San Antonio’s Resident Jazz Musician is Bringing Holiday Cheer This Season
By Antonio Gutierrez
Photography by David Teran
When notable jazz pianist Doc Watkins rattles off the list of music he likes other than jazz – such as rock, classical, and blues – of course, you are surprised to learn just how eclectic his musical tastes range after he mentions one in particular.
“I absolutely love mariachi music,” Watkins said by phone on a recent Saturday afternoon after relaxing from a previous night of performances at his popular nightclub, Jazz, TX at the Pearl. “You’ve got these voices singing in harmony, and everyone is playing instruments. It’s beautiful.”
Since arriving in the Alamo City in 2006 by way of Austin from his native Oregon, Watkins has established a name and built an impressive career for himself locally, as well as throughout the national jazz scene. He’s played alongside some of the big boys in the industry, including Kevin Eubanks, Butch Miles, and the late Jim Cullum. He’s also had the pleasure of gracing the stage of New York’s famed Carnegie Hall.
Watkins has been playing the piano since age 7, so one wonders if it was by choice or if he was forced to begrudgingly take lessons after school like many a boy and girl. “It was something I wanted to do. No one pushed me into it. I loved it from day one,” he said. “I asked my parents for a piano and lessons. I spent a lot of time practicing, learning new music, and performing.”
An accomplished musician and successful business owner, the 40-year-old father of four is also quite skilled in the kitchen. It provides an opportunity to relax at home among friends with good food and a glass of wine. More on this later.
For anyone wanting to catch him on stage, Watkins and his orchestra will perform a Holiday Big Band Show with all the classic Christmas songs on December 16 at the Tobin Center for the Performing Arts.
You have an unusual first name. Talk about that.
My birth name is Brent. I got my Ph.D. in music at UT Austin 10 years ago. After I graduated, my friends started calling me “Doc.” It stuck as a stage name, so I ran with it.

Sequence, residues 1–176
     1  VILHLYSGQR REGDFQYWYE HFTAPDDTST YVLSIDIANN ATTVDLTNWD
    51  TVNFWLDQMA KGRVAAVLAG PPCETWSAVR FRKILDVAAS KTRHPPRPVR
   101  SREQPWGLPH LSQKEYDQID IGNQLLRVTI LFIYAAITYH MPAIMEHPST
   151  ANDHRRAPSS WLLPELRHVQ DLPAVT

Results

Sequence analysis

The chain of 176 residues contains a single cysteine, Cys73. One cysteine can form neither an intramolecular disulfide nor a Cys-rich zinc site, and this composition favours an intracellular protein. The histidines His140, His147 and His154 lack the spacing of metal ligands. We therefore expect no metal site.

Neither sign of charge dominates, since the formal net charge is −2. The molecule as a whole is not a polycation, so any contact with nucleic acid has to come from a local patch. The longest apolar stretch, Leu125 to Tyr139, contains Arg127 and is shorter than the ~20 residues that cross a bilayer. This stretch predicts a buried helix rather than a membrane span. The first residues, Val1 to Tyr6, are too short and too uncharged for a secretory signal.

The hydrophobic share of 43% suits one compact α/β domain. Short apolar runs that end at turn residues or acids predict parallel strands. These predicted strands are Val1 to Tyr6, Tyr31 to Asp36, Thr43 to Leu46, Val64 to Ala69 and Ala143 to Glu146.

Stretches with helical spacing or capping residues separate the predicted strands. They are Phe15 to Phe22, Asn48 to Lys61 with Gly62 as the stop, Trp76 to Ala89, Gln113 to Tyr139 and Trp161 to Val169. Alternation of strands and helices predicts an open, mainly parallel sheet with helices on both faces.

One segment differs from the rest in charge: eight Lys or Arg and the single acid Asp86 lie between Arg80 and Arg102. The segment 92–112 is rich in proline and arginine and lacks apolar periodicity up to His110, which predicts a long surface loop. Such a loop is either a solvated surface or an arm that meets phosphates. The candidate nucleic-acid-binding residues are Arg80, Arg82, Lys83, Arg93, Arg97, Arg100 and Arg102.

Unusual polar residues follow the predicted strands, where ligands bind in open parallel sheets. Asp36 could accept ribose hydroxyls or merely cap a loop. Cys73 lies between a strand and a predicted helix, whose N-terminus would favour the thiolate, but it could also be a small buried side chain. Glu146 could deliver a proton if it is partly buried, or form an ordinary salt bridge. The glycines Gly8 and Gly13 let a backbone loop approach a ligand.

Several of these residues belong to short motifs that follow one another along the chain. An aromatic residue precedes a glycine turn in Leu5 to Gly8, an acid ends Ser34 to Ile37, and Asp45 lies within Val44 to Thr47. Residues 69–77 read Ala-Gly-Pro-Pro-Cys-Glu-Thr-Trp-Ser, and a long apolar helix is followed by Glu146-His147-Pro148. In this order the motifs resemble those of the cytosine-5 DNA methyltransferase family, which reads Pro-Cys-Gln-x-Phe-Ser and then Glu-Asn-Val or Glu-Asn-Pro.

So you probably get teased on occasion with the old line, “What’s up, Doc?”
There’s always some guy who thinks he’s the first one to think of it. But he doesn’t know I’ve heard this one before.
You like so many types of music. What led to your interest and ultimate success as a jazz musician?
After I was finished with school, I wanted to play piano all the time. The opportunities in the classical world have been dwindling for years. The Riverwalk had multiple venues (to perform), so I started getting gigs and learning jazz to become more proficient as a jazz musician. I did my own bookings, and everything snowballed from there. I found a lot of work in a short period of time playing jazz. The jazz world is where I found my niche and success early on, and doors opened for me that had never been opened in other genres.
What do you like to cook?
Pasta, gumbo, steaks and all the classic dishes. On Sundays, we’ll have friends over. I put Tony Bennett on the record player, drink some wine, and chop onions, garlic and tomatoes and get the music going. It’s like a scene out of “Good Fellas.”
What was it like performing at Carnegie Hall?
I was 19 the first time I played there after winning an international piano competition and performed a classical program. Then in 2014, I performed a jazz concert with my trio. It’s a beautiful hall, and the audience is great. It has the name and prestige, and the piano there is one of the best I’ve ever played. I’m also a huge fan of New York and love to go there for fun.
What can people expect at your Christmas show at the Tobin Center?
Our Christmas shows have been popular for the last 10 years. At Jazz, TX, I do about 30 shows between November and December, but we only have 100 seats, and the shows sell out fast. We have an opportunity to partner with the Tobin, which has 1,700 seats. We’ll do a Charlie Brown Christmas arrangement and classical Christmas favorites, including songs by Count Bassie and Frank Sinatra.
Do you have a favorite Christmas song?
“The Little Drummer Boy” is definitely at the top of the list, but I also like Mel Torme’s “Chestnuts Roasting on an Open Fire.”